In the long and contentious debate over what leads some people to crime and others to a more principled life, there seem to be two main camps. One sees each decision a person makes as purely a matter of choice. From this point of view, Moore the author’s success is a result of his powerful will toward righteousness, and Moore the prisoner’s future behind bars results from his moral ineptitude.
The other sees the path of an individual’s life as largely the result of opportunities and penalties determined by the social forces at play. This is the side the author leans toward, as he describes his and the other Moore’s experiences growing up with little understanding of what was available to them, and points out that his own success comes more from the effort and energy his family and community exerted to keep him from street life, than it does from any real decisions he made.
However, this is also difficult to prove. Moore the writer is an exceptional leader, as demonstrated by the accomplishments he has achieved: he was the highest ranking cadet during his final year at Valley Forge, responsible for the training of more than 800 other students. He twice interned with the mayor during his matriculation at Johns Hopkins, and graduated to become a Rhodes Scholar—an honor given to only 32 people from across the country in any given year. He is a decorated Marine, has been a White House Fellow, and spoke to the crowd at the 2008 Democratic Convention, just hours before Barack Obama accepted the presidential nomination. He is clearly an ambitious and uniquely talented leader.
The story of Moore the prisoner, unfortunately, is shared by many, many others. Nearly 40% of prisoners are black, despite African Americans being only 12% of the general U.S. population. More black men are incarcerated than any other demographic, and of course the great bulk of these men come from urban ghettos, and are arrested for charges relating to drug trade and associated violence. For children in neighborhoods threatened by gunfire and other violence, for whom safety is a daily, hourly concern, it’s not hard to see why they might be drawn to the power displayed by drug dealers, who are wielding the weapons instead of cowering from them, and who are drawing money and respect to themselves, instead of having it taken away. But even with all that, the great majority of people avoid the drug trade and its associated risks, and Wes Moore the prisoner was tried and convicted for the decisions that he made, decisions that it is not at all clear the author would have made, had they been in each other’s shoes. At some point, as the author tells it, The Other Wes Moore became tired of the drug game. He spoke to a friend of his, Levy, a former dealer who quit for a less well-paying, but safer and steadier job. Levy told Moore about a program that offered basic education and job training, and Moore took the leap, and joined. He earned his GED. He studied woodworking and used his natural ambition and perseverance to impress the teacher and the other students. And when he graduated from the program, he looked for work. What he found was a series of low-paying, low-skill jobs—several of which he held in the course of a year. After that year, Moore returned to drug dealing. This is the place where the argument between societal pressure and personal choice begins to break down. Why did Moore return to drug dealing? What would it have taken for him to remain in a legal job? Was it really the lack of opportunity—was drug dealing simply the highest-paying skilled profession Moore knew, or was he moving through job after job because there was something about the illegal lifestyle he found more appealing? Moore the author leaves this type of supposition out in favor of a strictly un-analytical description of both his and the other Moore’s stories. His approach works for the book. He doesn’t attempt to moralize or interpret the choices and opportunities that he and his namesake shared. He describes his own circumstances with humility and, while at times his depiction of the other Moore’s story gets a little florid, he depicts the other Moore as neither better nor worse, neither more nor less moral than Moore himself.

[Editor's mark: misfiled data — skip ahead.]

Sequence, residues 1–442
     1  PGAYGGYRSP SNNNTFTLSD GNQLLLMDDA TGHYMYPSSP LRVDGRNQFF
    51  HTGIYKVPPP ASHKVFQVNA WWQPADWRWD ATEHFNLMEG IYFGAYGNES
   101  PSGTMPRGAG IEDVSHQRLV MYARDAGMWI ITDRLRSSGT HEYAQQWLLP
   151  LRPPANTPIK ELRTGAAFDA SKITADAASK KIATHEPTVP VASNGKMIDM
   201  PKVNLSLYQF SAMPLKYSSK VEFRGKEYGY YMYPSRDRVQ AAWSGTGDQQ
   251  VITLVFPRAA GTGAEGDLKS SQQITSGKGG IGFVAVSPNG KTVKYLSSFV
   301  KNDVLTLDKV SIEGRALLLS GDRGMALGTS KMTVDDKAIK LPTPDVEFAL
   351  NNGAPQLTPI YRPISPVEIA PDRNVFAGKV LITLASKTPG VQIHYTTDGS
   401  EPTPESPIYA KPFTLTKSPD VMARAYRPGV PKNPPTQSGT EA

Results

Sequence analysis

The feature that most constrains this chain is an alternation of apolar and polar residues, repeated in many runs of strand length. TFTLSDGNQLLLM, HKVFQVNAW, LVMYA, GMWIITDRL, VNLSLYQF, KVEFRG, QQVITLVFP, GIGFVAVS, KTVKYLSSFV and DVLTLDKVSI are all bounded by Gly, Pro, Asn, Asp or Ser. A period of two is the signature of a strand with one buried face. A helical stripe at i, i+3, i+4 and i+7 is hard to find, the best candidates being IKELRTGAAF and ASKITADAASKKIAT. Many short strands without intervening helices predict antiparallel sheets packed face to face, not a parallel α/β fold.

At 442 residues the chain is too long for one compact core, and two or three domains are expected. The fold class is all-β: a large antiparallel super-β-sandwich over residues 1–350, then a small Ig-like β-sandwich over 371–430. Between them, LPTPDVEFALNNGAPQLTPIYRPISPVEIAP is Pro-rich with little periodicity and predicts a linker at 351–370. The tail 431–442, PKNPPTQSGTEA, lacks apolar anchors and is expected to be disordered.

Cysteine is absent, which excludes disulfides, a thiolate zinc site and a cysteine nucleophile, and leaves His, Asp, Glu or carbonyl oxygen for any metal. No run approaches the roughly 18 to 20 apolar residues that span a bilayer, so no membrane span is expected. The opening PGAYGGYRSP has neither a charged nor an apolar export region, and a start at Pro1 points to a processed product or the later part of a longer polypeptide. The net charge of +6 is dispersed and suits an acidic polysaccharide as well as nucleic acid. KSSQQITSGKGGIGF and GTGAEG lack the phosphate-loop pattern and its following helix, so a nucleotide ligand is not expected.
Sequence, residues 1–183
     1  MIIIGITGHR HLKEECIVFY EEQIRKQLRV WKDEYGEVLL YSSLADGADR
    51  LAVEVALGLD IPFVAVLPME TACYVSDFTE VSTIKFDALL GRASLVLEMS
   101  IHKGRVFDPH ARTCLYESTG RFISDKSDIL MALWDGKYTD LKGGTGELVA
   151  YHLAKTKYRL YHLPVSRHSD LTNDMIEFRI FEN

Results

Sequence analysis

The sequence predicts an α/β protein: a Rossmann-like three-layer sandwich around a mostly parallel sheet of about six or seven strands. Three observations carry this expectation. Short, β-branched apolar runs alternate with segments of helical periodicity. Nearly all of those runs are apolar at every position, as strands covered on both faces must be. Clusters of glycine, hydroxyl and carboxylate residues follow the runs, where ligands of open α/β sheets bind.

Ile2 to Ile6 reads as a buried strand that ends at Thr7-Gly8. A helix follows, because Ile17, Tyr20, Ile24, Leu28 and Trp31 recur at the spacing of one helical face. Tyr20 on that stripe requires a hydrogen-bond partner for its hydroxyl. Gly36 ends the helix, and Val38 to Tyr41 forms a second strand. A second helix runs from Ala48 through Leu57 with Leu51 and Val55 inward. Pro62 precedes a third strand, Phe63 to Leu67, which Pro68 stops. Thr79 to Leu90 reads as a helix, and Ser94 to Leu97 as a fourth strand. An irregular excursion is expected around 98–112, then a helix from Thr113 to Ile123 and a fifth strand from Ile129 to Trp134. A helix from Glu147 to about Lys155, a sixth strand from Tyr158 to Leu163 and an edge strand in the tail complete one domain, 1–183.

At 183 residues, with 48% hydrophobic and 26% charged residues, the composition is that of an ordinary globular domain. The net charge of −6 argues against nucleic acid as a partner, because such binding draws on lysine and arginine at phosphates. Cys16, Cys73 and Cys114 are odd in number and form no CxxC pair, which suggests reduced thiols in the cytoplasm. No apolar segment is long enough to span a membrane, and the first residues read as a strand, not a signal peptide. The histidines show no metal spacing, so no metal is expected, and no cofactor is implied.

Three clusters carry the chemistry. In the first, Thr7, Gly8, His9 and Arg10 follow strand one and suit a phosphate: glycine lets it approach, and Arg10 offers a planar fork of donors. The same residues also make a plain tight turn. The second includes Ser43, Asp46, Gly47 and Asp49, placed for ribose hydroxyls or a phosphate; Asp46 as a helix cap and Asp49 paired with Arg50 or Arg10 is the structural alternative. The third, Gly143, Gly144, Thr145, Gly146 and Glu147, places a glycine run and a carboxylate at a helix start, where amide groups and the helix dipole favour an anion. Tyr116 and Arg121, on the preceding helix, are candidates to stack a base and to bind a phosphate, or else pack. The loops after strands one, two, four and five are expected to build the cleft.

As a piece of evidence about the state of young black men’s lives, then, The Other Wes Moore is a valuable read, and a compelling, sometimes disquieting book. But as way to address the disparity, or to resolve the issues of how to best aid black communities, and assuage the epidemic of drugs and violence plaguing the communities, it’s a book that raises more questions than it addresses.